By LP Hastings
By Michael Goldstein
By R. Scott Moxley
By Gustavo Arellano
By Gustavo Arellano
By Matt Coker
By Nick Schou
By Bethania Palma Markus
Photo by Jack GouldThe reason terrorists are called terrorists is their acts cause terror, right? So tell me which is more terrifying: some lunkheads spraying graffiti on vehicles and torching a few on a deserted lot, or armed men dragging you off at gunpoint in the dead of night for no good reason, holding you captive for days while pressing you to confess to a crime you didn't commit and also ransacking and seizing not only your property but also the property of 13 people whose only crime is that they're your roommates?
You want a cup of instant dread? Have someone knock on your front door unexpectedly at 12:30 a.m. Even if it's your hottie girlfriend, it will creep you out. It's that much worse when it's guys leveling the muzzles of very real guns at you. It's just not a civil hour. It's when storm troopers show up, not the guardians of our democracy; at least that was generally the case before the war on drugs eroded our freedoms, now further washed away by the war on terror. It's not a good time of day for cops either, considering all the cases of kids and granddads they've mistakenly blown away on their nocturnal missions.
So, no, it was not a welcome knock when some 50 FBI and ATF agents and local police showed up at Josh Connole's Pomona home in the wee minutes of Sept. 12 and took him away at gunpoint. The 25-year-old solar-panel installer says he wasn't entirely surprised by it, though, since four cars with tinted windows had been following him around for weeks. He has been active in the anti-war and pro-environment movements, and exercising your rights can draw attention from all the wrong sorts of people these days.
But he was utterly taken aback, he said, when FBI agents accused him of the million-dollar vandalism and arson of Hummer SUVs on several West Covina auto lots on Aug. 22. They had him on video, they told him. Over the course of three and a half days of interrogations, they told him they had other evidence and knew it was him, so why didn't he just confess and make it easy on himself?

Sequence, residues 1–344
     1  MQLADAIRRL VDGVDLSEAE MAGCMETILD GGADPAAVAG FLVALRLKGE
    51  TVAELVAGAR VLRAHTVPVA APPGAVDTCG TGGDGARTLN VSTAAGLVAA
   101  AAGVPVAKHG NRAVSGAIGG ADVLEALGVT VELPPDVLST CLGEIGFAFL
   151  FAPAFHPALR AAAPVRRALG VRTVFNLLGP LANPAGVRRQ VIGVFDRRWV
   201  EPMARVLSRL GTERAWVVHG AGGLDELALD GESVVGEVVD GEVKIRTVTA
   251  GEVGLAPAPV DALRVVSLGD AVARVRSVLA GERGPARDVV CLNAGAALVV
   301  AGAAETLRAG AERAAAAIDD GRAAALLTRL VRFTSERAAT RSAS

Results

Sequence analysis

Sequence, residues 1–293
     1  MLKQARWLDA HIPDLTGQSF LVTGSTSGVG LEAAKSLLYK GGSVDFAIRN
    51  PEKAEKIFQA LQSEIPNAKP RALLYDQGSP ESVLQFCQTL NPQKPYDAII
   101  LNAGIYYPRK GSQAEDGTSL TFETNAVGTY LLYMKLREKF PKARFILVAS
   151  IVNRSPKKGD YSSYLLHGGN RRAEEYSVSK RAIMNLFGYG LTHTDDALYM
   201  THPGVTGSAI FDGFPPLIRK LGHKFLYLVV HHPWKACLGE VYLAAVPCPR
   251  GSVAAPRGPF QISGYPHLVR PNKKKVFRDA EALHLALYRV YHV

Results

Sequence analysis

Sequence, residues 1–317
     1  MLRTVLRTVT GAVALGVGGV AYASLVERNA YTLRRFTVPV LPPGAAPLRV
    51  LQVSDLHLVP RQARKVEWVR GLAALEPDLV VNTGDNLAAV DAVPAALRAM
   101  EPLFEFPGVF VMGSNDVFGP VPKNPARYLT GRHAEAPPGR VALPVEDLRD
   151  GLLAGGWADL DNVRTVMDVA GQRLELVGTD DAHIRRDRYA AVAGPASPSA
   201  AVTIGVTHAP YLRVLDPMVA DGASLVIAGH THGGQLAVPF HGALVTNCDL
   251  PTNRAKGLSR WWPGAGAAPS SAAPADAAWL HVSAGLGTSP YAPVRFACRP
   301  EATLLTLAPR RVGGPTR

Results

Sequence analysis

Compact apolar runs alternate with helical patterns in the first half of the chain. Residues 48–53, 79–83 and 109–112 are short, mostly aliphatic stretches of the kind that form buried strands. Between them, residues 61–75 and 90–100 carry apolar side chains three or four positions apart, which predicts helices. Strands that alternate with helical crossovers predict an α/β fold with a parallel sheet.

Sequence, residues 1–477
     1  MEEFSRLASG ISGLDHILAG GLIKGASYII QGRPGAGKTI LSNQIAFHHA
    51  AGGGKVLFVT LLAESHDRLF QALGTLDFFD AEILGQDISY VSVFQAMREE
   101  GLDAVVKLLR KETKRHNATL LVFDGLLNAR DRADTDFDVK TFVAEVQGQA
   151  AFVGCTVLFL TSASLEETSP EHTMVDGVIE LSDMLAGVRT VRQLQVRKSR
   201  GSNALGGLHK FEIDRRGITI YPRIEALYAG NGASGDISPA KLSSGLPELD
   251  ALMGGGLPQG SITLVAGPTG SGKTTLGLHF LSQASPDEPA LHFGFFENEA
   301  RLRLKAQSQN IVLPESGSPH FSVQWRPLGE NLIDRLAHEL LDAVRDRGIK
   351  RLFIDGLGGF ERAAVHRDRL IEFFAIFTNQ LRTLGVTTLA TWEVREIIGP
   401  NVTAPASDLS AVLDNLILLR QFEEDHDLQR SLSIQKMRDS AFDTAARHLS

Connole was of a differing opinion, since he says he had nothing to do with the crimes and is ardently opposed to such actions. "I'm not a violent person," he said. "I condemn the acts of whoever did the burning. They'll eventually hurt somebody, and in the meantime, they're burning rubber and plastic and other things harming the environment."
There was no convincing the FBI of that, though.
"The first couple of days weren't bad, but then they got more threatening and started swearing," he said. "It was frustrating. The questioning kept going in circles, about how I had paint speckles on my pants and other things they said proved I did it, while I knew I didn't."
After being held in legal limbo for 14 hours, he was booked on suspicion of arson, with bail set at more than $800,000. He remained in jail, being questioned through the weekend. Then, on the afternoon of Sept. 15, he was released without being charged, due to a lack of evidence. Though a person with inside details of the Hummercides has since contacted the LA Times, claiming responsibility and saying Connole had no connection to the crimes, authorities say he remains a suspect.
You've quite possibly seen Connole. He grew up in Brea and returns there for the weekly anti-war vigil, and he's also a fixture at the Friday night Costa Mesa anti-war protests and other activist events. I inadvertently wrote a speck about him in this column in August because he was among the protesters outside President George W. Bush's Irvine fund-raiser and was carrying a sign calling Bush a fascist and a Nazi. I opined that wasn't exactly the way to go around changing minds in Irvine. But what seemed rude hyperbole then may merely have been prescient.
The FBI and ATF typically don't get involved in vandalism or arson cases, but destroying or defacing a Hummer now evidently qualifies as "domestic terrorism." So the finance company or insurer that has lost some money on the charred SUVs gets the full weight of the U.S. government on its side, while that weight came down on a houseful of Pomona environmentalists.
Connole lives in an environmental co-op called Regen V, where they use only solar electricity, raise their own vegan food and do similarly unpatriotic things. For the crime of having Josh as a roommate, residents couldn't come or go for some 20 hours while authorities embargoed the property, waiting for a warrant. The FBI subsequently carted off their computers, address books, Utne Readers, bed sheets and even underwear. A search was also made of Josh's mom's house. Many of the 13 roommates are college students, who now have no access to their thesis papers and other vital intellectual or real property.
Connole's attorney, William Paparian, says the government's actions fall in the shadow of the Patriot Act, noting some authorities have claimed that protesting the war is itself cause to be suspected of terrorist ties. "Our concern is that Josh is being singled out for his activities opposing the war in Iraq. Another of the things the authorities cited was [the co-op's] electric car with a bumper sticker reading, 'No dependency on foreign oil.' They said that raised a reasonable suspicion."
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